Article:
These certainly are unprecedented times as individuals, companies and governments take steps to slow the spread of COVID 19 in an attempt to make sure the pandemic does not overwhelm our nation’s medical infrastructure and ultimately result in avoidable fatalities.

As these entities take steps such as prohibiting certain businesses from operating and encouraging various forms of social distancing, those of us in the health insurance arena are trying to figure out what this all means for groups, brokers, administrators and payers.

Below are some thoughts and observations that we will keep an eye on as we continue to monitor the impact of the Pandemic and how it will impact those of us in the health insurance space.

Over the last few weeks, some facilities in areas impacted heavily by COVID-19 were at or over capacity. For the large majority of the country, facility census counts were down significantly as individuals avoided unnecessary procedures, surgeries and hospitalizations. This low utilization is still currently the norm at most facilities around the country. It is impossible to predict at this time when facilities will get back to normal from a utilization standpoint. This is no doubt putting a financial strain on facilities and we have seen many instances of both inpatient and outpatient facilities reducing payroll costs in some fashion.

We anticipate pressure will build for some governmental assistance to financially support many of these facilities. The challenge will be in justifying significant financial assistance for a hospital that was not severely impacted with COVID patients. Those of us in the health insurance space are aware that hospitals generally rely upon commercially insured groups and payers to supplement lower reimbursement rates that hospitals generally receive for services provided to Medicare and Medicaid patients. It will be interesting to see if increasing the reimbursement formulas facilities receive for Medicare patients is something that is discussed as a way to help facilities increase their revenues as they try to recover from this.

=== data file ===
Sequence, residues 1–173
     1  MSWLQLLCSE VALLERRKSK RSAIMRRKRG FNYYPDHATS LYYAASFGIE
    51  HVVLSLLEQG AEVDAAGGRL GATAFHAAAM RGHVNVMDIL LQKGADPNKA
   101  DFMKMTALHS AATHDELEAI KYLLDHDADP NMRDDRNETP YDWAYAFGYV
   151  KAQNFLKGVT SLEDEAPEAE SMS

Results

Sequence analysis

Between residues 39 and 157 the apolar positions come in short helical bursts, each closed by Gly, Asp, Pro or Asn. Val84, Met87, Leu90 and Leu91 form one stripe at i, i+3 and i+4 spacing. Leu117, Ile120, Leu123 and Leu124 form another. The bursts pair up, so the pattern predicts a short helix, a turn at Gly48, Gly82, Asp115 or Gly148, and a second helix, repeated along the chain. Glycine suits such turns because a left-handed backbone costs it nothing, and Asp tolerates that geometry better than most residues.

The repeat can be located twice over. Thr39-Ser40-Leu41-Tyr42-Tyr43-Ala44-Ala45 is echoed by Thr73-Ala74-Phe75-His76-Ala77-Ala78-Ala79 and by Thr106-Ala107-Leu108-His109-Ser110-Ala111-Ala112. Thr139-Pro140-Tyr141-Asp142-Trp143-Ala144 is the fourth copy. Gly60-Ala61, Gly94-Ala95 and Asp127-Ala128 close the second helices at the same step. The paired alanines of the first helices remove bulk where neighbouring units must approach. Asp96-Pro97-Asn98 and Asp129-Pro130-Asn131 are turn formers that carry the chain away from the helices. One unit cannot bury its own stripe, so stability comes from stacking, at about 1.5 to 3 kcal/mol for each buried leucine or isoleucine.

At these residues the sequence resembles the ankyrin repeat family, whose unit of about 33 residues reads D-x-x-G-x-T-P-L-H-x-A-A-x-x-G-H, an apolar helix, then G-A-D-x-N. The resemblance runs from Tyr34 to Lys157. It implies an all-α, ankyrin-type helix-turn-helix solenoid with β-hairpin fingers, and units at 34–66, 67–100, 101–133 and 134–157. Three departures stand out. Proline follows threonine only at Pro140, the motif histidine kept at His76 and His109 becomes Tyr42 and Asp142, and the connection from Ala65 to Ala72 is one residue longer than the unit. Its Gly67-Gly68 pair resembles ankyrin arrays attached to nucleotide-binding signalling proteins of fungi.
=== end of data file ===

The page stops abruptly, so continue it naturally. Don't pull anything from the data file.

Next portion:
As hospitals have less patients and perform fewer services, they will have less procedures to generate revenue from. This decreased utilization will drive down medical claims costs in the short term. Some actuaries have estimated that total healthcare costs in the U.S. may decrease between 4% and 26% in 2020 as a result of the pandemic. It is a wide range, but if costs decreased in those percentages, the reduction in total dollars would be between $75 Billion and $575 Billion.

This reduction in total claims will benefit self-funded groups as they will likely see the financial total of their periodic claim runs decrease significantly. So, a self-insured group will likely benefit in the short term by having much lower claims costs in its self-funded plan. We will be keeping a close eye on whether or not there will be a “catch up” effect of higher than normal claims as the utilization that did not occur during this period flows through the system.

Groups in fully insured health arrangements will likely not see any direct benefit as a result of this decreased claims activity. Perhaps they will be eligible for a larger refund than normal as carriers do their Medical Loss Ratio (MLR) calculations, but those calculations won’t be made until 2021.

We suspect that this period of decreased claims activity will be used effectively as a concrete example to demonstrate to groups one of the key benefits to self-funding your medical plan – that you only pay for the claims that are actually incurred. We believe that CEOs and CFOs at fully insured employers will be very receptive to a conversation demonstrating the difference for the most recent period between being fully insured and self-insured.

We will continue to monitor these factors as the actual results come into clearer focus over the coming months.